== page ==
Why would I buy it?
- Mild butch looks
- Spacious despite compact footprint
Why would I avoid it?
- Skewed ergonomics
- Uninteresting to drive
Engine and Performance
Earlier, the KUV100 NXT was available with the now-defunct 77bhp/190Nm 1.2-litre diesel mill and what’s on offer today; an 82bhp/115Nm 1.2-litre petrol motor. This review is all about the former, just in case you were interested in picking up a used one. It’s a five-speed manual, this three-cylinder diesel, and considering how Mahindras usually are, it’s interestingly unobtrusive at idle. As you get on the move, it remains fairly refined unless one revs it past 3,500rpm. Which in any case is understandable bearing in mind a three-cylinder mill could never match the refinement of a four-cylinder one.
Off the mark, power delivery is adequate and smooth right from the word go. And making this possible is the rather tiny turbo. It makes sense too. A small turbo dampens the turbo lag effectively, resulting in seemingly linear power delivery from lower revs even under hard acceleration. Nevertheless, you simply can’t ignore the narrow torque band because it more or less loses steam by the 3,500rpm mark. We eventually learnt that the best way to maintain progress is to keep the motor spinning between 2,000-3,000rpm. Although these personas largely make the KUV ideal for city runs, the short-throw gearbox, too, lightens the experience through crisp shifts via well-defined gates. On the downside though, the clutch pedal suffers from both a springy action and extensive pedal travel which can seem like a burden at times.
Ride Quality and Handling
Thanks to its compact dimensions, responsive diesel motor, and good all-round visibility, the KUV feels right at home within city limits. However, the steering isn’t up to the mark. Although light, it feels slow with four turns from lock-to-lock and vague too, overall. These make parking in tight spots, especially, feel more like an arm chore than anything else. As for the ride quality, the KUV has been tuned purely for comfort and as a result, the setup feels soft. At low speeds, this compact Mahindra takes on bad roads with ease, delivering a comfortable ride even while going over bumps and potholes. At high speeds, however, it isn’t as comfortable as you’d expect owing to the soft nature which gives away constant vertical floating movements; more so under full load.
Comfort, Convenience, and Features
The cabin of the KUV100 NXT is a surprisingly spacious and fairly modern one. It’s got a sporty all-black theme and like with most new cars, there’s both piano black and silver trim for the centre console. It’s a clean layout so to say too. Otherwise, the only snag we encountered was the blower speed knob being needlessly firm to operate. A highlight though is the seven-inch touchscreen infotainment system that’s home to regular functions such as USB, GPS navigation, and video playback.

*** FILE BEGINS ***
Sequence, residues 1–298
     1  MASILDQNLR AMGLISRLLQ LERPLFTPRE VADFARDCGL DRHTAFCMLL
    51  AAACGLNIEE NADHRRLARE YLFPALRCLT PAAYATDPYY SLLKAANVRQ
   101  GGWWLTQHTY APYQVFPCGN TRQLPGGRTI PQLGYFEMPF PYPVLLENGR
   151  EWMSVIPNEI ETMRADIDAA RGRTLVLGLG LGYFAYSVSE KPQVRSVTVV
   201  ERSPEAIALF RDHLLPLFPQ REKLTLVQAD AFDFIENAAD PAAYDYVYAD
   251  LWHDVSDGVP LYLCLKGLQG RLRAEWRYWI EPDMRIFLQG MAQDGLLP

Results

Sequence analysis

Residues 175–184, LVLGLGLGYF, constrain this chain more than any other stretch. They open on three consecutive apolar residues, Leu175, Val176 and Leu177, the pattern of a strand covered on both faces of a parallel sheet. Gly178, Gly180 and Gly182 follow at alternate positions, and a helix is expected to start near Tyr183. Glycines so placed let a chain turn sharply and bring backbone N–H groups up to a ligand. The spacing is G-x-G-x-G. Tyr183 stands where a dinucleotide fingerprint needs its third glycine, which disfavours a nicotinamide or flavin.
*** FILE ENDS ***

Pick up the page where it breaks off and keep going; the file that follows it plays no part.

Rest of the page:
Meanwhile, our test car you see here has a unique six-seat layout which is a result of the dash-mounted gear/handbrake lever. Although an interesting approach to squeeze in a front middle seat, the sad part is that the bottom portion of the centre console fouls with the middle seat occupant’s knee room. Nevertheless, the front middle backrest folds down to showcase some storage/cup holders and amusingly doubles up a centre armrest.
Back in the rear, you sit high with a flat floor, there’s ample space for two occupants with plenty of headroom, along with adequate knee-room and thigh support. And, because I love to nitpick, it’s the complete absence of seat contours that makes for literally no lateral support. When it comes to the boot, it’s good for some slim baggage and a few shopping bags at best.
Features-wise, the KUV100 NXT we have here comes with electrically foldable door mirrors, front under-seat trays, and a generously sized floor mounted storage bin at the rear for knick-knacks. It also gets climate control, puddle lamps, height-adjustable driver’s seat, rear parking sensor, door-pad mood lighting, stop-start function, and drive modes such as ‘Eco’ and ‘Power’.
In terms of safety equipment, the KUV100 NXT gets dual front airbags, ABS with electronic brake distribution, a collapsible steering column, and child safety locks on the rear doors. It’s also equipped with speed-sensing auto door locks, auto hazard warning lamps on crashing/panic braking/bonnet opening, anti-theft security alarm, and ISOFIX rear child seat mounts.
Well, this quirky Mahindra certainly wears a love it/hate it cloak. And admittedly, I’m more of the latter kind. It reminds me of those dudes who’re into body-building but don’t pay attention to their legs and end up like a rooster! Jokes apart, the Mahindra family grille finds its way onto the KUV’s nose, which is a good thing, right? Yes, because that’s the only portion that gives it any character. But in profile and at the rear, there isn’t much to brag about. I mean seriously, what were you expecting from me?
So, there you have it, apart from the indigestible appearance, the Mahindra KUV100 NXT has plenty going for it as a result of its spacious cabin, comfortable low-speed ride, light controls, a decent set of features, and a reasonable asking price that ranges from Rs 7.10 lakh to Rs 9.16 lakh (OTR Mumbai). For those who find the KUV’s shapeliness pleasing or just do not care much about it, there are very few options left in case the hunt is on for a spacious city car that can handle bad roads with aplomb.
Pictures: Kaustubh Gandhi